Discovery is available. Discovery requests allow parties to a lawsuit to find out what evidence the other side has before you get to trial. Most civil cases involve multiple discovery requests from both the plaintiff and defendant. These requests can be very detailed and time consuming, but they are an essential feature in almost every kind of litigated case. The good news is that as a defendant in an unlawful detainer, you can also submit discovery requests to the plaintiff. The bad news is that drafting the discovery requests is time consuming, and you can quickly be frustrated if you make mistakes. The biggest problem for defendants who want to get discovery, but don’t have an attorney is that if your requests are not made within the appropriate time tables, then your right to discover the plaintiff’s evidence will vanish.
Unlawful detainers are summary proceedings
Eviction cases typically take less than six weeks from the time the landlord files a complaint to the time that trial is concluded. If the landlord has an efficient attorney, then the case can move even faster. Tenants have important substantive rights, which means the law protects them from certain kinds of wrongful conduct. What is often poorly understood is that because unlawful detainers are summary proceedings, landlords have an enormous procedural advantage. It is kind of like the difference between chess and speed chess. You may be a great chess player, but when the clock is ticking and you need to make a move in less than 5 seconds, it is a different game altogether.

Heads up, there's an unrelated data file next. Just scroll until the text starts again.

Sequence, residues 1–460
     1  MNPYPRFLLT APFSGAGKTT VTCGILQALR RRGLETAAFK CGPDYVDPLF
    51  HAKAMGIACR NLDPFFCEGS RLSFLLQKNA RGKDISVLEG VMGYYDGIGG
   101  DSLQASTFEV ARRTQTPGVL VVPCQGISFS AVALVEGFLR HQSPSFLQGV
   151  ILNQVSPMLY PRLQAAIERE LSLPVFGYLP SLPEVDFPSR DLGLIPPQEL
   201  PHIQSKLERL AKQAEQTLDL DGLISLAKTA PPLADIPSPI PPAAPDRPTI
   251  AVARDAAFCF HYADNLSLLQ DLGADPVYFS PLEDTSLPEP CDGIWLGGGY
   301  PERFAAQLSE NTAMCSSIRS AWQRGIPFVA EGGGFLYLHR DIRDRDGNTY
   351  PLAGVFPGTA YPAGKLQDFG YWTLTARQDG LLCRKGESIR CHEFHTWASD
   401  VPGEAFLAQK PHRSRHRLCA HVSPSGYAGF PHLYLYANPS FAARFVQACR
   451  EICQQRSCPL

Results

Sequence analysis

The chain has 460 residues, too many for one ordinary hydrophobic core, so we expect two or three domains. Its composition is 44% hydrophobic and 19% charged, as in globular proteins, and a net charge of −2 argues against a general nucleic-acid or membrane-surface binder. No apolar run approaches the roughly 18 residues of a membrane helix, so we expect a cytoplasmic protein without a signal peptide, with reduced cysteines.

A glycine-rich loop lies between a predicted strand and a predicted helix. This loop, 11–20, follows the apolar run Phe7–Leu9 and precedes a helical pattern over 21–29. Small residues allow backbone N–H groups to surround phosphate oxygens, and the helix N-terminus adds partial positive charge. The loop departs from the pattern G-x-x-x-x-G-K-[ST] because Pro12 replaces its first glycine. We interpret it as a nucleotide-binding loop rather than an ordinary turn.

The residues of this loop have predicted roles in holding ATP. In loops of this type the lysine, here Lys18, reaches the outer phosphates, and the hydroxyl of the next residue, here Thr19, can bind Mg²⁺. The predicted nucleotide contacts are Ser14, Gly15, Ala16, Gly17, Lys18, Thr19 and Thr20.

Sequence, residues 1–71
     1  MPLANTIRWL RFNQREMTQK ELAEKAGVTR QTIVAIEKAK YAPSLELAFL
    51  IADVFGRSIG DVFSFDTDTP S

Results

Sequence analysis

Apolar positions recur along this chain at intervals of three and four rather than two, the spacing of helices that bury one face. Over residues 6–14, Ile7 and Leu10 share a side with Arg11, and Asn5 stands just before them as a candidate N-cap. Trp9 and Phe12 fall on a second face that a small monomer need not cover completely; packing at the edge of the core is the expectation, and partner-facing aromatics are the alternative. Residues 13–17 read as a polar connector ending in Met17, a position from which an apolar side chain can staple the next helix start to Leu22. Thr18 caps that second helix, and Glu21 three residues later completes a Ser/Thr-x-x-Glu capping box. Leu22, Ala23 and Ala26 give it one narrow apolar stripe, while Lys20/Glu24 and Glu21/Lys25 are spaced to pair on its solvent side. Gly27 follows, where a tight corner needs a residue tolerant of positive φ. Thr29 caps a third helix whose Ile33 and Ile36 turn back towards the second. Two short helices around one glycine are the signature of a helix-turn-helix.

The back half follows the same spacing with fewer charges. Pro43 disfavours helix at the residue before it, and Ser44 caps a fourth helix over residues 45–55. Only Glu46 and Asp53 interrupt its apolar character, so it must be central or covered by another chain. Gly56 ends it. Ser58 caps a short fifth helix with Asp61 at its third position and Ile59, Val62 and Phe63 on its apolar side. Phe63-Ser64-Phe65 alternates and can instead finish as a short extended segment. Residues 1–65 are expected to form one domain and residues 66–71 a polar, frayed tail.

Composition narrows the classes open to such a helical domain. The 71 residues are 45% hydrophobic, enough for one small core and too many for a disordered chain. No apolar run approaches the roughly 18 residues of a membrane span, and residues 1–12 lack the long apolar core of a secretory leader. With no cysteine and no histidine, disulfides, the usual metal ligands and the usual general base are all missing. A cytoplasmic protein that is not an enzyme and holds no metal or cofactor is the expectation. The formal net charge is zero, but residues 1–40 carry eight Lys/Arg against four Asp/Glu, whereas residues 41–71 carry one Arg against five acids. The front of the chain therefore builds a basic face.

Once you have been served with a summons and complaint, you should expect that you are going to be forced to make a number of critical decisions about your case within a matter of days. It is not a good idea to postpone your decision about hiring an attorney. If you miss the deadline for filing a response to the lawsuit, you can have your rights to defend your case cut off. Even if you get help filing the answer, or feel confident that you can manage at least that much on your own, many tenants make critical mistakes that they cannot correct later.
Why Tenant Defenders wants your trust
- Tenant Defenders is committed to offering the highest quality legal services available in this field. You will receive personal attention from a licensed attorney.
- We do not use paralegals or office staff to conduct your interview, or to handle your critical paperwork.
- We cannot offer my services for free, but we will work with qualified candidates on payment plans, and sliding rates.
- You will receive an honest assessment of your chances and trial and a plan of action suited to your objectives.
- We will not exact a pound of flesh one spoonful at a time. Our pricing is straight forward. No hidden additional costs or fees, and we will not force you to accept a settlement that you are unhappy with.
If you are still uncertain whether you need an attorney to defend against eviction, then please fill out the form below with a description of your situation and an attorney will get back to you to discuss how we may be able to help